Bloomberg’s Businessweek placed six Canadian schools in their expanded 2010 list of Top Global Business Schools – including four Canuck schools in the Top 10 and one previously-unranked newcomer now among the world’s Top 18 institutions for getting an MBA.
How does each school compare to 2008’s list?
- Queen’s School of Business, still Businessweek’s top Canadian pick, fell from first in the world to second, behind INSEAD
- The University of Western Ontario’s Richard Ivey School of Business fell from fourth to sixth
- The University of Toronto’s Rotman School kept steady in the eight spot
- Both York University’s Schulich School of Business and McGill’s Desautels Faculty of Management moved up from second-tier status and onto Businessweek’s expanded list, occupying the ninth and eleventh spots, respectively
- HEC Montreal, which was not ranked in 2008, joins in at 15
Businessweek was able to provide, from some schools, a percentage of students offered a job after graduation. This year’s list includes Western (92%), York (86%), McGill (93%) and HEC Montreal (70%).
MBA grads grade their schools
An interactive table allows users to sort the top B-schools according to a variety of different criteria, even according to the grades given by each school’s graduating MBA class. Queen’s earned the highest grade in teaching, an A+. In general management skills, Queen’s tied with Western, Toronto (Rotman) and York (Schulich), which all share a grade of B. And in analytical skills, Western and Toronto share a grade of A.
Grad students, recruiters and intellectual capital
According to Businessweek’s methodology, grad students ranked their schools on a scale of 1 to 10. Company recruiters rated their top schools according to perceived quality and their experience with each school’s students, past and present. And intellectual capital was measured by the amount of articles published by the school’s faculty in 20 publications, which was adjusted to compensate for varying faculty sizes.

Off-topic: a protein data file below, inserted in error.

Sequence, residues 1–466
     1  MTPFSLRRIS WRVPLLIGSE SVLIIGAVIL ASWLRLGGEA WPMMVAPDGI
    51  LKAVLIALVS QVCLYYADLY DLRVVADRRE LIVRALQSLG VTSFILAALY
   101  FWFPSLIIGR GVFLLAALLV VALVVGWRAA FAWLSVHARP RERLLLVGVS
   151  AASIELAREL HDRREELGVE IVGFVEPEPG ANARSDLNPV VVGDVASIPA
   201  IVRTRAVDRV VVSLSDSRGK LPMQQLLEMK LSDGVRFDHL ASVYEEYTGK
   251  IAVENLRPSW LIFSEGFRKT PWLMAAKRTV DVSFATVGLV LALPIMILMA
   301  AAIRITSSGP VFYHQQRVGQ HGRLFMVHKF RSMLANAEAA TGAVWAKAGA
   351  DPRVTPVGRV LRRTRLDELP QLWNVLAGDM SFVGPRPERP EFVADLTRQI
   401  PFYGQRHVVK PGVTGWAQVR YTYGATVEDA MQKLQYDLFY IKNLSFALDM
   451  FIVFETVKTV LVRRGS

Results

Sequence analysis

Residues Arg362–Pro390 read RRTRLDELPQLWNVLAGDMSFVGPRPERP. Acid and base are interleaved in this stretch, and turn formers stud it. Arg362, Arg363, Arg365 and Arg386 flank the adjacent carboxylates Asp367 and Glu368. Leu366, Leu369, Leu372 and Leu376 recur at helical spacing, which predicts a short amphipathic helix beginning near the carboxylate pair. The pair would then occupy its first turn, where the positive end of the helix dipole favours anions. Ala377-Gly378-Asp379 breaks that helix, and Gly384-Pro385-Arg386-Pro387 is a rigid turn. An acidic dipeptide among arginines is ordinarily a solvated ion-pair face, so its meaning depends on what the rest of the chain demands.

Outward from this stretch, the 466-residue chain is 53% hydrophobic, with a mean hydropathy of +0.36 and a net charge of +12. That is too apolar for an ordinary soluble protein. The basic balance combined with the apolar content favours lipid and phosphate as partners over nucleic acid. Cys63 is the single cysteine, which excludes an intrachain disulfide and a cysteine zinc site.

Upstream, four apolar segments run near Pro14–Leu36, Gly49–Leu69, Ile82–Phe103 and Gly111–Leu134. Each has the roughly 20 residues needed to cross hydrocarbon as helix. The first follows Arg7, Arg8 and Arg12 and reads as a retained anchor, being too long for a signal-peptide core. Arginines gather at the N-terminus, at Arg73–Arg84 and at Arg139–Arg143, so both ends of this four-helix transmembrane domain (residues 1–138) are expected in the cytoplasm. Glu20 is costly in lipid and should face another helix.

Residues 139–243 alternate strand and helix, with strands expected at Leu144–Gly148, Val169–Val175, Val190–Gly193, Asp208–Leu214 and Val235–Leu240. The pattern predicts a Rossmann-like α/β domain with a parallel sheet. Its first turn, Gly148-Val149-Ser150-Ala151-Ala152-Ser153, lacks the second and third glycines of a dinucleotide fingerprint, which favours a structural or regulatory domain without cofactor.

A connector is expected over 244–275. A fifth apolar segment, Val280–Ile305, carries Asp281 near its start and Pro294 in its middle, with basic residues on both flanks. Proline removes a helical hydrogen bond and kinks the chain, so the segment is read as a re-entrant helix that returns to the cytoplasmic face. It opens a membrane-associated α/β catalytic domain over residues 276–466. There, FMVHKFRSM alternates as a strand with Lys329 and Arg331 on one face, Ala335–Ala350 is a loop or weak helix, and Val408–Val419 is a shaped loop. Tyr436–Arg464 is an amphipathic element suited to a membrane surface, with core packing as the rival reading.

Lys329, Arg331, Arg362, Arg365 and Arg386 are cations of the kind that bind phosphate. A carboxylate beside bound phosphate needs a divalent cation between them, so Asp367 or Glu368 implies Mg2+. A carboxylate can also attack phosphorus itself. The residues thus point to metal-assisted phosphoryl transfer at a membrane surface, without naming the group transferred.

- Grad students rated Queen’s as the best Canadian B-school, putting Kingston in fourth overall. The worst-rated Canadian school – also the school with the highest tuition fees for international students, at $99,693 USD – was the University of Toronto (tuition at U of T was also the highest on the list for Canadian citizens, at $74,936).
- Even though U of T costs almost $9,000 USD more than its closest competitor, company recruiters ranked it first overall. In fact, recruiters must love True North grads. The Canadian B-schools listed are in the top eleven, with HEC Montreal at eleventh place (which, also interestingly, offered the lowest tuition for international students of all 18 schools at $30,000 USD. Resident tuition fees: $6,700 for Quebec residents; $13,600 for non-residents of Quebec).
- Regarding intellectual capital, which only contributed 10% to the final calculation, U of T ranked highest at third overall while Western ranked eighteenth overall.
Of Businessweek’s 18 international schools, IMD (with a tuition of $82,488 USD) offered the highest median base post-MBA salary at $124,700 USD. Canada didn’t fare too well in this category – the highest-earning graduates from Canuck schools are in a virtual tie: Western at $84,075 USD which is (really) closely followed by McGill at $84,000 USD.
Having trouble deciding between the two, you ambitious Canadian MBA hopefuls? Consider tuition at Western’s Ivey school: $68,500. Tuition at McGill: $32,500.